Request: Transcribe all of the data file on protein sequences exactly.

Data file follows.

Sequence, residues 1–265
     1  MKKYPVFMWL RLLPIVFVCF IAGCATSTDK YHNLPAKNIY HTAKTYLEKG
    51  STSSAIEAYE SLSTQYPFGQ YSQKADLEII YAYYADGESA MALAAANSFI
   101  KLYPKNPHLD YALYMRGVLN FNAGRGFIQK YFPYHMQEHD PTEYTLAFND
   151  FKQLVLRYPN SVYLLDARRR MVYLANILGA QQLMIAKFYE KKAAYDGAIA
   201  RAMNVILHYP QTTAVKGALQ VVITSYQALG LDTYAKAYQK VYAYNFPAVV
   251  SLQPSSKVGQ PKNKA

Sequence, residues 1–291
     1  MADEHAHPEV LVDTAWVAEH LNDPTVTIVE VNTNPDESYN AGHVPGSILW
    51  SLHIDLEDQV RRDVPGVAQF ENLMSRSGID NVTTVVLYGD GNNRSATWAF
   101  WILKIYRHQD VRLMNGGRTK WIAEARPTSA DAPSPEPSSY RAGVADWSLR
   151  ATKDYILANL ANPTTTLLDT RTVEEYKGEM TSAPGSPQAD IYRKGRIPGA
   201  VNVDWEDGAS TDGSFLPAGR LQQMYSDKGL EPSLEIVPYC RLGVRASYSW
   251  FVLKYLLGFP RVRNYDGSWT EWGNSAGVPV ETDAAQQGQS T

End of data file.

Sequence, residues 1–265
     1  MKKYPVFMWL RLLPIVFVCF IAGCATSTDK YHNLPAKNIY HTAKTYLEKG
    51  STSSAIEAYE SLSTQYPFGQ YSQKADLEII YAYYADGESA MALAAANSFI
   101  KLYPKNPHLD YALYMRGVLN FNAGRGFIQK YFPYHMQEHD PTEYTLAFND
   151  FKQLVLRYPN SVYLLDARRR MVYLANILGA QQLMIAKFYE KKAAYDGAIA
   201  RAMNVILHYP QTTAVKGALQ VVITSYQALG LDTYAKAYQK VYAYNFPAVV
   251  SLQPSSKVGQ PKNKA

Sequence, residues 1–291
     1  MADEHAHPEV LVDTAWVAEH LNDPTVTIVE VNTNPDESYN AGHVPGSILW
    51  SLHIDLEDQV RRDVPGVAQF ENLMSRSGID NVTTVVLYGD GNNRSATWAF
   101  WILKIYRHQD VRLMNGGRTK WIAEARPTSA DAPSPEPSSY RAGVADWSLR
   151  ATKDYILANL ANPTTTLLDT RTVEEYKGEM TSAPGSPQAD IYRKGRIPGA
   201  VNVDWEDGAS TDGSFLPAGR LQQMYSDKGL EPSLEIVPYC RLGVRASYSW
   251  FVLKYLLGFP RVRNYDGSWT EWGNSAGVPV ETDAAQQGQS T